She was placed in service in mid-December 1896, initially scheduled to run between Cape Tormentine and Summerside to which port she made three round trips early in December, but was very soon the route was moved to Cape Traverse where she was expected to cross for the rest of the winter. However it was not long before the practicality of the steamer route was tested and found wanting. On one of her first trips the Petrel had to return to Cape Tormentine as the board ice on the Cape Traverse side was not strong enough for her to land her passengers. By 26 December it was reported that the Petrel’s steering gear and sheathing had been badly damaged by the ice and that she was imprisoned by the ice at the pier at Cape Tormentine and might not be able to resume work. The Petrel was soon subject to editorial ridicule, some of which was occasioned by political posturing. She was mocked for not being able to deal with ice which was too weak to carry passengers. The Examiner observed that as soon as experienced persons had seen her on her arrival from Lake Ontario they recognized that the ship would never do at all and suspicion was widespread that she had simply been leased from her Ontario owners as a political favour. The only benefit from her having been stranded in Cape Tormentine was that “she cannot again be carried to and fro in the straits at the mercy of the elements or go to the bottom with all on board.”
Due to fortuitous ice conditions early in the month she was able to make seven round trips on the Capes route, all before 15 January, but could not make not a single additional trip until 17 April. To add insult to injury, within the following week, on a voyage from Cape Tormentine to Summerside she encountered some drift ice and broke her propeller shaft, thus bringing the less than glorious performance to an end. Her total service amounted to transport of seven mails and 43 passengers over the six months of her charter. With her passenger fare revenue of only $86 the cost of more than $15,000 for the winter’s non-service was condemned as extravagant. She was returned to her owners on Lake Ontario and the experiment, although lauded by the government as a success was not repeated. The Petrel stood as a symbol of the failure of the government to fully address the winter navigation issue for several years. This was to cause a further problem when the unsatisfactory vessel was confused by politicians and the press with a different vessel of the same name which served in the area as a Dominion Government patrol vessel and during the Great War as H.M.C.S Petrel.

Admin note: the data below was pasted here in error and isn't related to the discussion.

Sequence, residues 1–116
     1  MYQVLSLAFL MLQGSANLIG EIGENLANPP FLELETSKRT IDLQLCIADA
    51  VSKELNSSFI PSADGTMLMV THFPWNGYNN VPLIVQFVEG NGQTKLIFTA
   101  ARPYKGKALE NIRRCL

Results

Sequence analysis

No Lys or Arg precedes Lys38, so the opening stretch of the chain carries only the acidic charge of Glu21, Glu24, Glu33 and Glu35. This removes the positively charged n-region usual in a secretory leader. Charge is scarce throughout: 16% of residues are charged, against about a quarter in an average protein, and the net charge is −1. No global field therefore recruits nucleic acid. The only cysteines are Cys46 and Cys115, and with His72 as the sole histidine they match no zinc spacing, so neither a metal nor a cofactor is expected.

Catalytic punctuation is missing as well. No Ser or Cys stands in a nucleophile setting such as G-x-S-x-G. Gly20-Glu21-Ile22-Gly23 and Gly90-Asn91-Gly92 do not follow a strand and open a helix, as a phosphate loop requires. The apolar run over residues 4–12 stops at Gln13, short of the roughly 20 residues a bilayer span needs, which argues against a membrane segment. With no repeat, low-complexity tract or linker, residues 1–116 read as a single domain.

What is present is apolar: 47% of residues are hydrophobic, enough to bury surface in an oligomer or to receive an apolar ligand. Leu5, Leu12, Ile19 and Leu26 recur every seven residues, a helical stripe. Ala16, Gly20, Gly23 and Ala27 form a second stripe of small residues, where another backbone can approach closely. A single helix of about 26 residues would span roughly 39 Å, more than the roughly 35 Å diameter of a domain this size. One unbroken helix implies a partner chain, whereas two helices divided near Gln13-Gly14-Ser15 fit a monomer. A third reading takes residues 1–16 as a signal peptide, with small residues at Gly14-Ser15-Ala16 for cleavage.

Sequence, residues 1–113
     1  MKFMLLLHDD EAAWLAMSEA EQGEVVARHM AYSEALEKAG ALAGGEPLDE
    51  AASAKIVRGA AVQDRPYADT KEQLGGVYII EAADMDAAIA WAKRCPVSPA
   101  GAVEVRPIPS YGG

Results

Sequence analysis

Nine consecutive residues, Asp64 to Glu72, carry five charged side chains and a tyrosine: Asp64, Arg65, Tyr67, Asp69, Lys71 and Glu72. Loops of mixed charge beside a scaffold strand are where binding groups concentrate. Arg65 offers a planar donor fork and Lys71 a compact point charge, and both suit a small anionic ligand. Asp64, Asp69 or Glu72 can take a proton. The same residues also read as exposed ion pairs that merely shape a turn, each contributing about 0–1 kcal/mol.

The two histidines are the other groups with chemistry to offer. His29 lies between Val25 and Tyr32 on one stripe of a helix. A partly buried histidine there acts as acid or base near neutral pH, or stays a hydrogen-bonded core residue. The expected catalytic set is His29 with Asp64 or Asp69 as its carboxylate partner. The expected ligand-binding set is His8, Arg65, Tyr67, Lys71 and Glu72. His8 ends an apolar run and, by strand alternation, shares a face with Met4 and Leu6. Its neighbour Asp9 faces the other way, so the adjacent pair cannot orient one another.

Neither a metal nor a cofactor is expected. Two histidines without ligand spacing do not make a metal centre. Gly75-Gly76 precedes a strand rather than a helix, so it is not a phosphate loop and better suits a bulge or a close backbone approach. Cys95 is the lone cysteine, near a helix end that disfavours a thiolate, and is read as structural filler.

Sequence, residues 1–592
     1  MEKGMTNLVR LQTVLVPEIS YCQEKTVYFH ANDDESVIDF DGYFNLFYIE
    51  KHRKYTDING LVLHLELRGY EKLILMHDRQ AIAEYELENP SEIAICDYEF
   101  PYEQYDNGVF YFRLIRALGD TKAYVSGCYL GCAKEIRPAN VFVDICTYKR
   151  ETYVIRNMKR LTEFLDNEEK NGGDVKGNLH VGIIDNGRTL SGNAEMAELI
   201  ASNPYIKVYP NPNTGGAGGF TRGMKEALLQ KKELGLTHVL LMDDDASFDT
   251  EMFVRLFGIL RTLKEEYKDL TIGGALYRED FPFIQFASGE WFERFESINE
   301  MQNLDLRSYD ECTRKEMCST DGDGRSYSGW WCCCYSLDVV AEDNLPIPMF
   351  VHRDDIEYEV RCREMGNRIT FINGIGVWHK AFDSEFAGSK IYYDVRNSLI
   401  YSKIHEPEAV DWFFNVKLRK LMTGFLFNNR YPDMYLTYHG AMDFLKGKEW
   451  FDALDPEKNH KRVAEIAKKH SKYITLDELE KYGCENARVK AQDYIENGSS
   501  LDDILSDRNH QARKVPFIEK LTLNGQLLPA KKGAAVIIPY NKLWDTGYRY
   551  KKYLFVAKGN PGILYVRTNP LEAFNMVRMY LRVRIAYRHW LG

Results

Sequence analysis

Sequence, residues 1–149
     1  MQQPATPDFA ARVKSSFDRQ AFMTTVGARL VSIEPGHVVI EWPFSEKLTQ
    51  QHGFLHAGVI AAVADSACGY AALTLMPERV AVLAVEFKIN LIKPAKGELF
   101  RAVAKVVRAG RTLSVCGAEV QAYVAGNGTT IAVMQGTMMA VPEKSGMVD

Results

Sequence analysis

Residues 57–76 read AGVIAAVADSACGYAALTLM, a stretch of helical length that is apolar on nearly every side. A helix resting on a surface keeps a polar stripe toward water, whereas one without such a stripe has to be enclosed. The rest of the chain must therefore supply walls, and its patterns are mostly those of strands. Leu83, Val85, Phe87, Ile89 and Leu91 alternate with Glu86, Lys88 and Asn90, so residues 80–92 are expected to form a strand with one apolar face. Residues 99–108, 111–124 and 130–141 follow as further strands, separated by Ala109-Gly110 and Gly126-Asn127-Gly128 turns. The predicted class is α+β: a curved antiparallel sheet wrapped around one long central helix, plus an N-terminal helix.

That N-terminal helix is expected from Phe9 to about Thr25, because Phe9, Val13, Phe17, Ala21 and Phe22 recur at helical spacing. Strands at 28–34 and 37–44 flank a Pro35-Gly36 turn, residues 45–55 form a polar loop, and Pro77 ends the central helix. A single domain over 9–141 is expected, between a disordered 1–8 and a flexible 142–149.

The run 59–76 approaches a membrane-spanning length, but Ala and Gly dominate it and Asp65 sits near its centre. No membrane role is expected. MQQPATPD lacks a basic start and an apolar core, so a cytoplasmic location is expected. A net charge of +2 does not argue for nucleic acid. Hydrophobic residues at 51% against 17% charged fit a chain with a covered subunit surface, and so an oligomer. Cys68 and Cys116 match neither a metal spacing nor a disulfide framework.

Although the clamor for more powerful steamers and improved wharves to provide winter service at the Capes continued into the twentieth century there appear to have been no further attempts to improve the facilities at Cape Traverse. For several years one of the Dominion ice steamers would run in early winter from Summerside to Cape Tormentine but after about a month that route would ice up and the steamer would be shifted to the Georgetown to Pictou route.
In 1912 the fate of Cape Traverse as a major port was sealed by the decision that the most practical route for the Capes crossing of the proposed car ferry steamer would be from Carleton Head to Cape Tormentine. The shallow sandy bay of Cape Traverse was trumped by deep water and even though the new route required significant engineering works it was still preferred over investment in an existing, but impractical alternative. A new branch line was constructed to run to Port Borden from a junction near Carleton and using, in part, labour from German prisoners of war was upgraded to carry a third rail so that standard gauge trains could run on it. Trains continued to run on the branch line to both Port Borden and Cape Traverse up to the end of 1917. A new schedule which took effect on 21 February makes no mention of service to Cape Traverse. The rails were taken up soon afterwards.
Over the next decades the winds and tides and sands ate away at the nearly half mile wharf at Cape Traverse which continued to harbour a few resident fishermen into the 1970s. Today only a small rockpile extending into Northumberland Strait hints at the hamlet’s glory days as a port. The rail line was diverted to the new terminal at Port Borden and the part of the line from Carleton to Cape Traverse was abandoned. Today one can hardly trace its route through the fields and fence lines. At Port Borden a new town was laid out according to best urban design principles and soon grew to accommodate ferry and railway employees and local businesses. In some cases houses and buildings were hauled from Cape Traverse to the new townsite. The sands of Traverse Cove are visited today by few other than the local residents and owners of cottages in a subdivision which has sprung up near the former village.
A more detailed copy of this article which includes sources and references can be found here .